For example, in a CT angiography (CTA) application, both cross-section images and 3D/reformat models of major vessels are required. A protocol specific for CTA can be defined as follows.
acquire a helical scan data set in the 4×1.25 mm mode
preprocess raw scan data
reconstruct two set of images, prospectively: one set of 2.5 mm cross-sectional image for diagnosis, and another set of 1.25 mm images for building 3D or reformat CT angiography models.
display, film, and archive both the axial images and 3D/reformat model
Of course, protocols for many other types of applications can be created and stored in the CT system for use by the operator.
The above described image reconstruction and display methods and apparatus facilitate improving imaging productivity, reducing the number of CT scans, and decreasing diagnosis cycle time. Such methods and apparatus may also reduce the number of unwanted images for viewing, filming and archiving, and have the capability of producing 3- or 4-dimensional images with high z-axis resolution information for multiple clinical purposes.
FIG. 1 is a pictorial view of a CT imaging system.
FIG. 2 is a block schematic diagram of the system illustrated in FIG. 1.
FIG. 3 is an exemplary embodiment of a scan user interface than can be used in conjunction with the system illustrated in FIGS. 1 and 2.
FIG. 4 is a logic diagram of protocol driven image reconstruction, display, analysis, and archiving.
The present invention is directed, in one aspect, to protocol driven image reconstruction, display and archiving, and in another aspect to a method for multislice image generation. The invention can be practiced in connection with many different types of imaging systems, and is not limited to practice to any one type of system. Set forth herein, however, is a detailed description of an exemplary multislice CT system, and although such CT system is described in detail below, it should be understood that the present invention is not limited to practice with such system.
More particularly, and referring to FIG. 1, an exemplary computed tomography (CT) imaging system 10 in accordance with one embodiment of the present invention is shown as including a gantry 12 representative of a "third generation" CT scanner. Gantry 12 has an x-ray source 14 that projects a beam of x-rays toward a detector array 16 on the opposite side of gantry 12. Detector array 16 is formed by a plurality of detector modules which together sense the projected x-rays that pass through a medical patient 18. Each detector module produces an electrical signal that represents the intensity of an impinging x-ray beam and hence the attenuation of the beam as it passes through patient 18.
During a scan to acquire x-ray projection data, gantry 12 and the components mounted thereon rotate about a center of rotation. A motorized table 20 positions patient 18 relative to gantry 12. Particularly, table 20 moves portions of patient 18 through a gantry opening 22 during a scan.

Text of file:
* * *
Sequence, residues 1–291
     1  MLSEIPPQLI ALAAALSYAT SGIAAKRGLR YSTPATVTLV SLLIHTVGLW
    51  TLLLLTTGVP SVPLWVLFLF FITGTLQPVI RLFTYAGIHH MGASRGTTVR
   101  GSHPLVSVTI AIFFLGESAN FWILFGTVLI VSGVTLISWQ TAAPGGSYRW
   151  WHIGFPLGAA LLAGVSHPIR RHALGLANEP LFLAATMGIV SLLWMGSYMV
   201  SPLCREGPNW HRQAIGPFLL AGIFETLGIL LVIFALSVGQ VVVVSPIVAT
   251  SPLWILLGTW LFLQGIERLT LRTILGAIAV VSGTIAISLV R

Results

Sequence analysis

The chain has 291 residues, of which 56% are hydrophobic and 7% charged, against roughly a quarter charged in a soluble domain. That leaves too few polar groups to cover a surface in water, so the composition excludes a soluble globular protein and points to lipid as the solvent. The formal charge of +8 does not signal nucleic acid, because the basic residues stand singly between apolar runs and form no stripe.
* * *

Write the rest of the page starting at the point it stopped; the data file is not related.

FIG. 2 is a block schematic diagram of the system illustrated in FIG. 1. As shown in FIG. 2, system 10 includes a host computer 24 coupled to a monitor (user interface) 26 for displaying images and messages to an operator. Computer 24 also is coupled to a keyboard 28 and a mouse 30 to enable the operator to input information and commands to computer 24. Computer 24 is coupled to a scan and reconstruction control unit (SRU) 32. SRU 32 also includes image generation controls. In one specific embodiment, SRU 32 includes a SGI PCI-based central processing unit which operates on an IRIX operating system. SRU 32 also includes an interface processor for interfacing with the data acquisition system (described below), and a scan data correction digital signal processing board for performing preprocessing, which is known in the art. SRU 32 further includes an image generator for filtered backprojection and postprocessing operations, as is known in the art.
A stationary controller 34 is connected to SRU 32, and controller 34 is coupled to a table controller 36. Stationary controller 34 also is connected, through a slipring 38, to an on-board controller 40 and a scalable data acquisition system (SDAS) 42. Slipring 38 enables contactless transmission of signals across the slipring boundary and supports the necessary bandwidth for transmission of data and commands across the boundary. SDAS 42 samples and acquires the data from detector 16 and converts the sampled analog signals to digital signals. SDAS 42, in one specific embodiment, includes forty eight interchangeable converter cards to support four row data acquisition. For two row data acquisition, twenty four cards could be used. In one specific embodiment, there are sixty four input channels per converter card and 1408 Hz sampling can be performed. SDAS 42 also includes a front-end pre-amplifier for amplifying the signals. Further details regarding SDAS are set forth below.
On-board controller 40 controls operation of x-ray source 14 and operation of SDAS 42. X-ray source 14 includes a high voltage generator 44 coupled to an x-ray tube 46. Tube 46 may, for example, be the tube known in the art is the Gemini-1 tube and currently utilized in at least some CT system commercially available from General Electric Company, Milwaukee, Wis., 53201. Beams projected by X-ray tube 46 pass through a prepatient cam collimator 48 and impinge upon detector 16 (illustrated as a 16 row detector). Cam collimator 48 also is controlled by on-board controller 40. Outputs from detector 16 are supplied to SDAS 42.